4. SECRET STORY (1992) is, in the words of an itunes reviewer, “one of the most emotionally expressive recordings in his career” I urge you to go to the online itunes store and read the entire review of this magnificent album which is a journey of intellect, joy and (true to Metheny’s character), loss. You should study the entire album. Every track is superb. My favorite: The Truth Will Always Be: with only a few chords, Metheny creates an impressive anthem to love and life. It gradually builds energy until the synth-guitar kicks in with some of the most powerful and lyrical guitar playing imaginable. It needs to be played loudly.

Okay, now let’s go back and catch up from the beginning.

Pat Metheny hit the road running. His first album BRIGHT SIZE LIFE (1976), while a good example of where he would be going, and has Jaco on bass, is not fully matured.  Maturity peeks out from the second album WATERCOLORS (1977).  The title tune Watercolors displays his early compositional skills with an easy going tune of superb guitar, with bass by Eberhard Weber. Ice fire shows off his unbelievable harmonics/polytonal chops.

In 1979, he came out with his first solo album, NEW CHAUTAUQUA. The must-listen track is Sueño con Mexico with its minimalistic ostinato (repetitive theme) in the mid range of the guitar over which he pours his heart out with lyrical single note melody and harmonics. If you can, listen also to Daybreak, an uplifting piece with an undercurrent of the sorrow of something lost.

1982: Grammy award winning OFFRAMP. Pat has discovered his own sound on the synth-guitar, an instrument he will use throughout his career. He gets a piercing brassy sound that delivers huge amounts of power and emotion from the upper range of the guitar. The absolute must-listen track is Are You Going With Me?  with its quintessential Metheny rolling feel, synthesized harmonica melody from Lyle, and an amazing synth-guitar solo toward the end. (also available on the live TRAVELS album but not quite as good)

1984: Grammy award winner FIRST CIRCLE. The title track First Circle is one of Metheny’s best from the standpoints of rhythm (clapping in 22/8 to start), energy building, and accessibility. It is also some of the earliest use of melodic voice-sans-lyrics. If I Could is a poignant ballad with guitar melody that very few in the world can create; with rich Oberheim overlays by Lyle Mays.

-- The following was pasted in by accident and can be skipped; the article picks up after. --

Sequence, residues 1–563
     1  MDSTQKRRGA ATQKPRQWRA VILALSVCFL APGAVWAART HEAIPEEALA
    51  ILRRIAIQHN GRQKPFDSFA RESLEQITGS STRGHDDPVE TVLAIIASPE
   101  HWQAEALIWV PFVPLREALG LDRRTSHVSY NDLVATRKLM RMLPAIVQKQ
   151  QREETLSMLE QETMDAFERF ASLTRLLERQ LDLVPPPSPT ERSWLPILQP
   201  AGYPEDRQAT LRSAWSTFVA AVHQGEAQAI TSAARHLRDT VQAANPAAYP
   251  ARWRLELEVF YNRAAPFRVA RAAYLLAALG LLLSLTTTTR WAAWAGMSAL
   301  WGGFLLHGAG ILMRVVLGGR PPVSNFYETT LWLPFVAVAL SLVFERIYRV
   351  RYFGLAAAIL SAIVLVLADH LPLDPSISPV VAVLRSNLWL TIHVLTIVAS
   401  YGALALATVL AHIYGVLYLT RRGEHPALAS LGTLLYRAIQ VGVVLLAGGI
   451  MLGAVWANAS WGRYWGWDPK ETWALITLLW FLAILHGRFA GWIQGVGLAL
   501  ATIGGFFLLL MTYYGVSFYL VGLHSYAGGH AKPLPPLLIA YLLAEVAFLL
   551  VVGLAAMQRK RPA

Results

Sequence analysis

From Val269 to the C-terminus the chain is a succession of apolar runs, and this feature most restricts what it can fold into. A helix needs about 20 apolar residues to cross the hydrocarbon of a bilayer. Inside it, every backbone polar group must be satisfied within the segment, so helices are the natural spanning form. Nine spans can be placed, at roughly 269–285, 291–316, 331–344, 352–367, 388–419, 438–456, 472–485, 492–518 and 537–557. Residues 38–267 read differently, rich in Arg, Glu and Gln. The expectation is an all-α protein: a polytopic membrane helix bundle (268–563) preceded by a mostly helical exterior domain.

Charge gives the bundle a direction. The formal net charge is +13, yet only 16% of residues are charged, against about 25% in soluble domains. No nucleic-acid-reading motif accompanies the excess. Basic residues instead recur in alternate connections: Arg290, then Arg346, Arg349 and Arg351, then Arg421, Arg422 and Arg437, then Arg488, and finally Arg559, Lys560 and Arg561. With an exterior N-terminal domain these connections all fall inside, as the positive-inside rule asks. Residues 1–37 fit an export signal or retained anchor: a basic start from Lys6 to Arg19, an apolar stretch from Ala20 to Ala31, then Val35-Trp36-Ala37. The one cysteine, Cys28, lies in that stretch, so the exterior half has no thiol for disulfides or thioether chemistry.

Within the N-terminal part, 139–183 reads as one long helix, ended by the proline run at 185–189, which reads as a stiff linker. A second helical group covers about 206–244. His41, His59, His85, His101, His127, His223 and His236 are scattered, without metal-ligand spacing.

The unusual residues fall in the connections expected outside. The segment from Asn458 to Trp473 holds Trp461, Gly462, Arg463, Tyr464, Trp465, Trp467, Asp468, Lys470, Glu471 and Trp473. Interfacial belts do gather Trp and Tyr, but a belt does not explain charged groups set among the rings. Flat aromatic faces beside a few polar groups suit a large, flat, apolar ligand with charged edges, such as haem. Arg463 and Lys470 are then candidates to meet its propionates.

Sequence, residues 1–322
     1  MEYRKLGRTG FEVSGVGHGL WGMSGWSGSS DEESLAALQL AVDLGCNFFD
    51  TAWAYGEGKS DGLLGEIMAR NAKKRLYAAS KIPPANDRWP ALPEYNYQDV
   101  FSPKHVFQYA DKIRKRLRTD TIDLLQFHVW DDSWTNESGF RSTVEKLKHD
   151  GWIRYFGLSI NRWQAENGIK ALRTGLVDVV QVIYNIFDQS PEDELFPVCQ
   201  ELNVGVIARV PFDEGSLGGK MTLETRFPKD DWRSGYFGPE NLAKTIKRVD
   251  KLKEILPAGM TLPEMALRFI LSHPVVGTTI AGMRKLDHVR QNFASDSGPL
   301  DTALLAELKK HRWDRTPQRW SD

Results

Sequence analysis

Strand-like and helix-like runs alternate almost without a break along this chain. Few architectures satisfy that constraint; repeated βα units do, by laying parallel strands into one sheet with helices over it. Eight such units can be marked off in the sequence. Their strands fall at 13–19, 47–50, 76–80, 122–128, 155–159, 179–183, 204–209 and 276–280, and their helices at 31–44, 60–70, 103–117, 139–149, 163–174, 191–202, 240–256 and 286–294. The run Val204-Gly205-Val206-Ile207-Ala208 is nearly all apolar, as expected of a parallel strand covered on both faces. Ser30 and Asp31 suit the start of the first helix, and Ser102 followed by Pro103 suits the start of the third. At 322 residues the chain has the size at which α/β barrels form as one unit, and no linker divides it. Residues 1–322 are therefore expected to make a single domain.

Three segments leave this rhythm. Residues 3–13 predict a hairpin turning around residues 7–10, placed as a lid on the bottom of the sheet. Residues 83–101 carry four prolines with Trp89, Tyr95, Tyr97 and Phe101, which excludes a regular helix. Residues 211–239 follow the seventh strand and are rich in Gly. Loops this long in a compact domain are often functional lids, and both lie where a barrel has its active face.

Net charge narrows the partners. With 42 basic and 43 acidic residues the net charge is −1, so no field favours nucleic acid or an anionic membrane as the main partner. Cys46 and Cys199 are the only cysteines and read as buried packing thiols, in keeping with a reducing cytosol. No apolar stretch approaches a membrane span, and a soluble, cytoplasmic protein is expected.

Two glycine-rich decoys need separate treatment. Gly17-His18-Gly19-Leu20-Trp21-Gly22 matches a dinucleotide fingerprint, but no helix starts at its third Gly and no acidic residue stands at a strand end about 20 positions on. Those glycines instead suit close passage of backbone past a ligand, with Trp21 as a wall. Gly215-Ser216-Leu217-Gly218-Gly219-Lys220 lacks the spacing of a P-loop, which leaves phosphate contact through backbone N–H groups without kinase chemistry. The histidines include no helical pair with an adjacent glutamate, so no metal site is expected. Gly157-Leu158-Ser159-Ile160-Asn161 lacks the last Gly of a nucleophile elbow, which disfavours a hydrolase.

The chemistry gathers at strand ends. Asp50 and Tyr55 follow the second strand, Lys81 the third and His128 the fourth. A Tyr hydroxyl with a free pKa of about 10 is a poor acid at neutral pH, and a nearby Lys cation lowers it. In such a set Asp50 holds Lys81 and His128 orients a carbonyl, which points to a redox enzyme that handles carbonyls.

1989: Grammy Award winner LETTER FROM HOME, in the words of the itunes store review, “picks up where STILL LIFE (TALKING) left off”, with Pedro Aznar replacing David Blamires and Mark Ledford on voice and other instruments. Another masterpiece of composition, production, and playing, but sometimes accused of being light jazz, itunes continues…“Metheny has always known the difference between light and lightweight…” The most upbeat tune is Beat 70, with steel drum, synth-harmonica, fantastic percussion, voice and driving rhythm. It is one of the most uplifting in Metheny’s catalogue. Other best tracks include Have You Heard; 5-5-7; Dream Of The Return, but every track is worth listening to.

1995: WE LIVE HERE. The group drops anchor in the river of progress for a while to slow down a bit, but continues to grow nevertheless. Must-listen tracks are the twelve minute To The End Of The World which has a beginning, middle, and end, with some great synth-guitar played to perfection; and We Live Here, a hipified Bolero-like drum beat with intense synth-guitar long tones- it is a major force.

1997: IMAGINARY DAY (two Grammy awards). This is a definite divergence into new territory of complex international instrumentation, chords and rhythm. For the student of Pat Metheny, must-listen tracks are The Heat Of The Day, with its mesmerizing Mid-Eastern rhythm and some new and exciting work on synth-guitar; and Roots Of Coincidence, sometimes called ‘industrial rock’ and that gets into a kickass galloping rhythm with a Goldfinger feel to the melody that evolves into a very electric guitar solo and an orchestrated ending. Beautiful. These guys are not fading.